Cruising the Yangtze

My assessment of Chongqing was about spot on in terms of the time required. We did a free walking tour of the city with the hostel staff which was interesting enough apart from the 15kms that it involved (remembering that Chongqing is build on a mountain so there were many hills and stairs). The museum was free and was all about the relocation of the towns, relics, artefacts etc when the dams etc were made. We had the Hotpot that evening which was definitely an experience however not as traumatic on the chilli front as advertised.

The cruise was put together by Jill’s favourite travel agent Wonder Wang. In all honesty this was the blokes name. She took the first call and had it followed up by e-mail confirmations. Need less to say I had numerous comments and each time he rang or e-mailed these comments and commentary grew. The cruise started off well enough with a 9pm departure and an overnight trundle down the river to Fengdu the site of the ghost city. This was the most obscene, tourism, money making venture ever put on the planet. The original Buddhist and Taoist temples were smashed during the cultural revolution during the 1960’s with just 3 bridges and a partial temple left. So…they fully rebuilt…what they thought…should have been there (whether it belonged or not).

As such there was a series of 20-30 year old buildings, with full gift shops incorporated into their design (something that is always present in temples). Another had a kitchen with a bakery built into it, this room immediately followed a story by the tour guide of offerings of crackers to the gods for prosperity, longevity and some other thing. These crackers were then (surprisingly) for sale in the bakery. As it was the ghost city…in 1999 they added a bunch of statues to depict the theme. Grotesque looking things that did not mean anything other than it was an artist’s impression of blah. In addition the names of the landmarks include: ghost torturing pass, last glance home tower, no way out bridge and the river of blood.

The actual story and mythology of the journey to the underworld incorporated with the ruins was very interesting and would have been enough. The purely commercial rebuild was obscene. We were there in off season so there was about 25% of the people that would be there in peak times. Despite this we were like cattle being shunted from one tourist pen (temple) to the next. It was only a 3 hour trip but it could not end soon enough for either of us. A further example was the construction of 2 new exhibits that will be opened in the future. One was a recreation of a pagoda and the other was a 5 storey, Besser block head of a Taoist statue that had been painted yellow. These were partially constructed and were perched up a hill and will no doubt be vital photo opportunities for future generations.

The cruise continued and we sailed through the three gorges which were pure and unadulterated and magnificent. The first was the Qutang gorge which is a spectacular 8km stretch…about 2 hours later the Wu gorge appeared along with the Goddess Peak. Atop this peak was a temple thing that Jill delighted in prattling on about how she would never get me to walk the stairs to reach this. Needless to say that the zoom on our phone cameras could not even capture this thing it was so high up ( you could barely make out the staircase). After lunch we did a Sampan sail around one of the Yangtze River tributaries (Shennong Stream). While on a warm, dry day this might have been great but on a cold, wet and windy day we were seeking the hot shower upon our return.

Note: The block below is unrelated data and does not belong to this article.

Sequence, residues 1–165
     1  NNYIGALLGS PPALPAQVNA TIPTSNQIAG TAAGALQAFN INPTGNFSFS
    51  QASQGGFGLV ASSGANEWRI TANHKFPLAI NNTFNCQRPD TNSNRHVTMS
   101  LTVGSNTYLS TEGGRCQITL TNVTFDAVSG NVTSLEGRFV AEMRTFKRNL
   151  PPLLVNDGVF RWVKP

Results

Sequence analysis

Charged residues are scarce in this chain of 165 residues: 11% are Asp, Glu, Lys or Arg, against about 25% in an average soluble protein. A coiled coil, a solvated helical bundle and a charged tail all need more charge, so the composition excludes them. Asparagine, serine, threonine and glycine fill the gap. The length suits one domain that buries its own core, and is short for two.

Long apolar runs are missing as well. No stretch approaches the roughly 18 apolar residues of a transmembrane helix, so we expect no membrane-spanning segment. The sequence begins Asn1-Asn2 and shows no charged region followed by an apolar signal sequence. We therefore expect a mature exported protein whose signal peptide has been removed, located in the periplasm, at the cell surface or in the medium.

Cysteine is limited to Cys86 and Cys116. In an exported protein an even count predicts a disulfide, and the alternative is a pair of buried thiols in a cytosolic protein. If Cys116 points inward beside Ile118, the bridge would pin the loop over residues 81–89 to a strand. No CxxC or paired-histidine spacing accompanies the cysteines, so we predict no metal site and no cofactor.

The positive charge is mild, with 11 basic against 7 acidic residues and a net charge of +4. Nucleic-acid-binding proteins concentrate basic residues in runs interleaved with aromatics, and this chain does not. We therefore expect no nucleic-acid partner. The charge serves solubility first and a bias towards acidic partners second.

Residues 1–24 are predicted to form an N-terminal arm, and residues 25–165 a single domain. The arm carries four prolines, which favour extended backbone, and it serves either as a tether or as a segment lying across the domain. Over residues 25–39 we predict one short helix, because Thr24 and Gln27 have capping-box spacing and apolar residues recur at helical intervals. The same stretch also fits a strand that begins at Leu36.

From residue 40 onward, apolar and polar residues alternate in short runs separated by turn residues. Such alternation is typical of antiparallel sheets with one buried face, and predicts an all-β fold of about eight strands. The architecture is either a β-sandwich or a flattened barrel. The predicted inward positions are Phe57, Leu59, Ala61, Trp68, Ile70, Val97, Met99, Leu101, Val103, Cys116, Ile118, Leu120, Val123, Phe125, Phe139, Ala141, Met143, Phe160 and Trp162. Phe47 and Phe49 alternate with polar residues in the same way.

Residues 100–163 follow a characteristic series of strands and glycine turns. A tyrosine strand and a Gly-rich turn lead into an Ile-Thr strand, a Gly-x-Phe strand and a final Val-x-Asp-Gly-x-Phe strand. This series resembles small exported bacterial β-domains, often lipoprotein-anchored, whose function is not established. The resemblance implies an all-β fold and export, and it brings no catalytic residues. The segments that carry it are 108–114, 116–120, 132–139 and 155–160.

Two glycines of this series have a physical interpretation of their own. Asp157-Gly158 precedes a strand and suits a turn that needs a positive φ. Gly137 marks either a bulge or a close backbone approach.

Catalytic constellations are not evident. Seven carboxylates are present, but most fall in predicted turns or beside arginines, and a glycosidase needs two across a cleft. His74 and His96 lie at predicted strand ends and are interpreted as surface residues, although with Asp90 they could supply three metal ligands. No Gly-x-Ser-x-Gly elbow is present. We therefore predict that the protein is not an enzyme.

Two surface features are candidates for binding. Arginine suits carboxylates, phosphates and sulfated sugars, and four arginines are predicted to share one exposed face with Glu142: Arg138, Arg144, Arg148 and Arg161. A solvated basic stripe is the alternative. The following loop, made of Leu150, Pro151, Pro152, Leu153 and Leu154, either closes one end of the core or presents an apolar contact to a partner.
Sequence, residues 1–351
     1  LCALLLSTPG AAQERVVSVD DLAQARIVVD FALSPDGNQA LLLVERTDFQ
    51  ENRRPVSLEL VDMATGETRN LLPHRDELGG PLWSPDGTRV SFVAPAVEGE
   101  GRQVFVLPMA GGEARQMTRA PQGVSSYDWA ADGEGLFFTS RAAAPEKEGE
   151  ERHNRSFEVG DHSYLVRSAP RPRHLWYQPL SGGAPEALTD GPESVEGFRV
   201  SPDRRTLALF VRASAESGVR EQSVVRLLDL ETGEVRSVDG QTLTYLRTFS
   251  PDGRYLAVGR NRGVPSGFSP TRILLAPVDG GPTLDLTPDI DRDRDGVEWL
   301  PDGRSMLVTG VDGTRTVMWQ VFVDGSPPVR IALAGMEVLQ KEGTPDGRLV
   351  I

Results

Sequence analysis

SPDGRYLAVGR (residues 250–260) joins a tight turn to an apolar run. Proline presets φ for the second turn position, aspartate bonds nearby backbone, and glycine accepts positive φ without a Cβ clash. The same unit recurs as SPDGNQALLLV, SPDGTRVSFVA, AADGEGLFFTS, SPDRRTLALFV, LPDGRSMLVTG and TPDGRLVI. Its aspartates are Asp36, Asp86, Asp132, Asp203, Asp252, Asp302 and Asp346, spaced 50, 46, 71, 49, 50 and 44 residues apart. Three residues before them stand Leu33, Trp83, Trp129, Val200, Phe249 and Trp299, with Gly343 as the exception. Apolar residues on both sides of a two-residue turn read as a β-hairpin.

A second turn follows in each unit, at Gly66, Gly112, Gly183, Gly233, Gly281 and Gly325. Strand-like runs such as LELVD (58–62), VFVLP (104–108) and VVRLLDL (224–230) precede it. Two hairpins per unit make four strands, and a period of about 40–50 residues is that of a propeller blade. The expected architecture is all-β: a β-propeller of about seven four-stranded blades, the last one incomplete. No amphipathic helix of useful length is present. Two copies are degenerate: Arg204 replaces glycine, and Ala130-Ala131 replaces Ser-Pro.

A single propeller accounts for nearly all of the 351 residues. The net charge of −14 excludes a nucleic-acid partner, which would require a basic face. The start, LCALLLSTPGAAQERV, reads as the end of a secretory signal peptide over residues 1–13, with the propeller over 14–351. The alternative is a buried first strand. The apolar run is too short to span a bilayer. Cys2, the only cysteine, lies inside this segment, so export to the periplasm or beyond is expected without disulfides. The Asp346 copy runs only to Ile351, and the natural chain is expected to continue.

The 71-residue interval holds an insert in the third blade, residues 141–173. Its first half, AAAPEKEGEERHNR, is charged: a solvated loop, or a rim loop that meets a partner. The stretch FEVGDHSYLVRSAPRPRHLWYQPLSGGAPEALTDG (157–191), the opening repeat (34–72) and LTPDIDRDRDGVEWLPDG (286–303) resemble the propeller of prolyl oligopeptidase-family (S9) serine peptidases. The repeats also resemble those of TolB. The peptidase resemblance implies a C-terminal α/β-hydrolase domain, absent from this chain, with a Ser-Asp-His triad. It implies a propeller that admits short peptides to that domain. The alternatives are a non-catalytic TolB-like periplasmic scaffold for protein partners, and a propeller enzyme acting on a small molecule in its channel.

That night we passed through the series of 5 locks to lower us the required 175 meters. An impressive piece of engineering no matter how many times you watch it. When this is combined with the electricity generating turbines the dam really is an impressive piece of kit supplying about 4% of China’s energy needs. Such projects are vital as solar is not an option, as we have seen the sun 3 times in the last 4 weeks. From here we entered the last of the gorges the Xiling gorge a 76km stretch which once again was lovely.

Our three gorges experience was done on a 5 star boat and was terrible. It was a tour group mentality, made for the aged, at the pace of the weakest link, it was entirely formulaic, there were 15 minute photo opportunities before being shuffled off to the next, and the whole experience was generally miserable. The food was a western interpretation of Asian and an Asian interpretation of Western in a buffet format, that did not work on any front.

This was a bit of a warts and all post. The natural elements were spectacular and were fully worth it, the technological aspects of the dam and locks were also great. The bolt on tourist stops were atrocious both in their composition and execution. Jill has long waxed lyrical of my intolerance for such things, however every time I searched for her during an organised excursion she was hiding in the corner playing candy crush on her phone in an attempt to boycott the herd mentality. Overall we cruised the Yangtze River for over 600kms and saw some incredible natural beauty.

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Categories: China | Tags: , , , , , , , , , , | 1 Comment

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One thought on “Cruising the Yangtze

  1. Ron & Sue Presswell

    Enjoying your guided tour without the inconvenience and harsh weather. Your photos are entertaining. Shame about commercial profit but nature wins again.

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